Drippers & Emitters For Micro/Drip Irrigation Set-ups
Hydrobuilder offers high quality, high uniformity, and reliable drip emitters from top brands like Netafim, DIG Corp, Floraflex, and many others. Drip emitters are installed directly into the distribution/mainline tubing or extended to the plants with micro tubing to emit water.
What are Drip Emitters?
Drip emitters are the core of drip irrigation systems. Drip emitters, also known as drippers, drip water directly to the plant root zone. Drippers slowly deliver water to the soil with less water lost to evaporation, excess heat, runoff, wind, and other environmental factors.
Drip emitters are the most popular water-saving irrigation technique. They are able to deliver a slow, constant supply of water that seeps deep into the root system. Although most drip emitters are installed in the tubing at ground level, some emitters like drip stakes are designed to attach to stakes and held above ground.
Pressure Compensating vs. Non-Pressure Compensating
Pressure-compensating (PC) drip line drippers deliver an exact amount of water each time, even if there are changes in pressure. They are particularly useful for long rows or varying terrain. These are also perfect for specialty plant applications where precise water levels are needed.
Non-pressure compensating(NPC) drip emitters are economical and popular with general gardeners with flower or vegetable gardens where precise water flow is not needed like indoor specialty crops would need.
Both PC and NPC drippers have various GPH (gallon per hour) flow rates and offer different features for various applications.
Using Emitters With Hard Water or Dirty Water
When using drip irrigation emitters with hard water or dirty water, we suggest using Cultured Solutions Clear Line Hypochlorous Acid.
Clear Line is designed to keep irrigation drip emitters and drip systems clean and free of mineral deposits during cropping cycles. Implementation of Clear Line protects drip irrigation systems by reducing costly repair and replacement of components.
Why do my emitters keep clogging?
Sediment, sand, algae, or other things can get in your water lines and clog up your emitters. It’s recommended to use a filter on your drip system to keep contaminants out of your emitters which will dramatically increase the lifespan of drip irrigation spray emitters, drippers, drip rings, and tubing/dripline.
If your water is dirty, water can force contamination through the filter screen. It's important to give the filter a timely, regular cleaning to extend the life of your system. You can also run line cleaning products like Clear Line through the systems.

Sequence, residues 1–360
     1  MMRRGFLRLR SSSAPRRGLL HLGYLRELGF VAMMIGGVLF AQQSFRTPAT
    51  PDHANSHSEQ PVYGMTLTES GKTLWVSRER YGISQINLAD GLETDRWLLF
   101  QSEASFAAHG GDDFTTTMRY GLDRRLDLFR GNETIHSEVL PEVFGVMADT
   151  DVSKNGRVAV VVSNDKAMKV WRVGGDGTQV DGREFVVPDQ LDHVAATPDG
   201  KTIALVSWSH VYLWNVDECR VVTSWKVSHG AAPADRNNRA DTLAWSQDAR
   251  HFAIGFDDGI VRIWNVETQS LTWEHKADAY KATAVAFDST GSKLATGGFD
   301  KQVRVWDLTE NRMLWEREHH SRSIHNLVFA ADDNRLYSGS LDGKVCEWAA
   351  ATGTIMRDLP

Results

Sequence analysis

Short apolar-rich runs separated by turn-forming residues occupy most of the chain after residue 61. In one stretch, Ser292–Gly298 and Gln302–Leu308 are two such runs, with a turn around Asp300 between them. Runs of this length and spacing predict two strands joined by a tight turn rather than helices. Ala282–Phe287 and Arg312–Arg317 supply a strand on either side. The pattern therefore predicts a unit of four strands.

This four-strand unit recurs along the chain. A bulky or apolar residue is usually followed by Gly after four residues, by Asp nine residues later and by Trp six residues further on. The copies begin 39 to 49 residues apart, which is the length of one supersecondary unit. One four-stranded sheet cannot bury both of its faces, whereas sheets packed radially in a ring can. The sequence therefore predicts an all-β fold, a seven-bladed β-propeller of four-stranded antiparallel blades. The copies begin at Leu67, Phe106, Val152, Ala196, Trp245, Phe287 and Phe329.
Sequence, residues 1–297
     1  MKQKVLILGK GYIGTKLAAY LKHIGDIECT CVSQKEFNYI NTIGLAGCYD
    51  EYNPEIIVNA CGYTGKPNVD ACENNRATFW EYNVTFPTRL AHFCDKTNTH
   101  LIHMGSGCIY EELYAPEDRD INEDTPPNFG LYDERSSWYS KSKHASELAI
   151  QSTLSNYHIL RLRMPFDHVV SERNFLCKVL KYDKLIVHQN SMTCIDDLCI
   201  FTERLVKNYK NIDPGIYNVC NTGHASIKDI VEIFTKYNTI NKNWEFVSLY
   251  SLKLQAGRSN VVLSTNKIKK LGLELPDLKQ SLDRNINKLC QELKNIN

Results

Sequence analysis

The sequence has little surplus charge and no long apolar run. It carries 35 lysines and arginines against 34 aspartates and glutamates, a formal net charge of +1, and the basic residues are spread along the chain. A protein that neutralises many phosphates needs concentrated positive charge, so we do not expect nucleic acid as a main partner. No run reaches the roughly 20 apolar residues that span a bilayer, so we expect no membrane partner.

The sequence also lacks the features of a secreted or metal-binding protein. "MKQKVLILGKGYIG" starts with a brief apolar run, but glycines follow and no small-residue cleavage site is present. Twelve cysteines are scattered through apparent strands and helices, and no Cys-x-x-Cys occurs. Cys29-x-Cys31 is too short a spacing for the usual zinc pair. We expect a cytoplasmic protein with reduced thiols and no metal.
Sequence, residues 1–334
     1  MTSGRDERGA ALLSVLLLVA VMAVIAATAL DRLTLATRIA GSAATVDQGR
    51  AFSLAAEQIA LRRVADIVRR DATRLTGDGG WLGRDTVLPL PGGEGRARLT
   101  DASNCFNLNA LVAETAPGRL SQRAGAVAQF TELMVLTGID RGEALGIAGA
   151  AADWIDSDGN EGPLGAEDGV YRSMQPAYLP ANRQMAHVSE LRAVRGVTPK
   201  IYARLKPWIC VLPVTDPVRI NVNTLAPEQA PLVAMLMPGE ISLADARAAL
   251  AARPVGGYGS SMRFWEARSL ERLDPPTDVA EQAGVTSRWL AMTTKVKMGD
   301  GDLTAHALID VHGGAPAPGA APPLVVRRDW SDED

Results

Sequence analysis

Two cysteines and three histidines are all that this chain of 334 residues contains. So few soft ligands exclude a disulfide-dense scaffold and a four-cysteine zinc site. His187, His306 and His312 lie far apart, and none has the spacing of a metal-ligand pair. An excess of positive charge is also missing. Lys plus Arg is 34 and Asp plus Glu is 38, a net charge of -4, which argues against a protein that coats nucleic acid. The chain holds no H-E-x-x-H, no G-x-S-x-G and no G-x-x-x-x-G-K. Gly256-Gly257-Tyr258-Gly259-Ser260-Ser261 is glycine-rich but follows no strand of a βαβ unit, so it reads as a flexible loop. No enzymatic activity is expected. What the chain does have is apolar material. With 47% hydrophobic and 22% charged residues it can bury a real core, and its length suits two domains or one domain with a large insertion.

What do the colors mean on emitters for drip irrigation?
The various colors on drippers are for easily displaying the GPH rating for the emitter itself. The amount of water that your plants need may vary depending on the brand of emitter you are using. Be sure to check the manufacturer's recommendations to ensure that you are providing the correct amount of water.
What Are The Drip Irrigation Emitter Types
There are many types of drippers that are designed for different purposes. Take a look below at the most common types and when you should use them. Most options come in both pressure-compensating and non-pressure compensating.
- Button Dripper (Labyrinth Dripper) - Button emitters use a labyrinth-flow-path design producing a turbulent flow that ensures years of consistent watering with less chance of clogging.
- Adjustable Drippers - These can be adjusted to provide more or less water depending on your plant's needs.
- Arrow Drippers / Drip Stakes - Efficient and simple design combines the drip emitter and stake.
- Punch-in Emitter (self-tapping) - This often is a feature of many drippers. Allow you to insert the emitter in the tubing without the need for a punch tool.
- Dripper Assemblies - These include the drippers, micro-tubing, and manifolds.
Another emitter type is dripline or drip tape. These are coils of water tubing that have built-in emitters or holes that allow for drip irrigation without the need for using a mico-line emitter going to each plant.
How many emitters can I put on a drip line?
That depends on the capacity of your mainline and the flow rate of each emitter. ½ inch tubing can carry around 240 GPH, and ¾ inch tubing can carry around 480 GPH. If they are pressure compensating drippers, you can install emitters at any spacing. Not sure which to get? Our easy-to-use drip irrigation kits are perfect for those who want everything pre-cut and ready for quick installation with exact number of emitters and instructions for the perfect set-up.
How Often Should I Water My Plants
Watering programs for plants in containers will be different from those for plants in the ground. The soil most often used in containers is potting soil, and potting soil has little to no capillary action so plants will dry out faster in containers or hanging baskets.
We suggest watering 2-4 times per day for 2 minutes each for typical outdoor plants and flowers in containers. This will vary by plant, what part of the country you are in, as well as the time of the year. Please refer to your plant needs for appropriate watering and feeding schedules.
Final Thoughts On Drip Irrigation Emitters?
Drip irrigation is a great strategy for minimizing water waste, and adding efficiency to your watering process. No matter the types of drip irrigation you are dealing with, we have tons of different types of emitters for you to optimize your indoor or outdoor garden.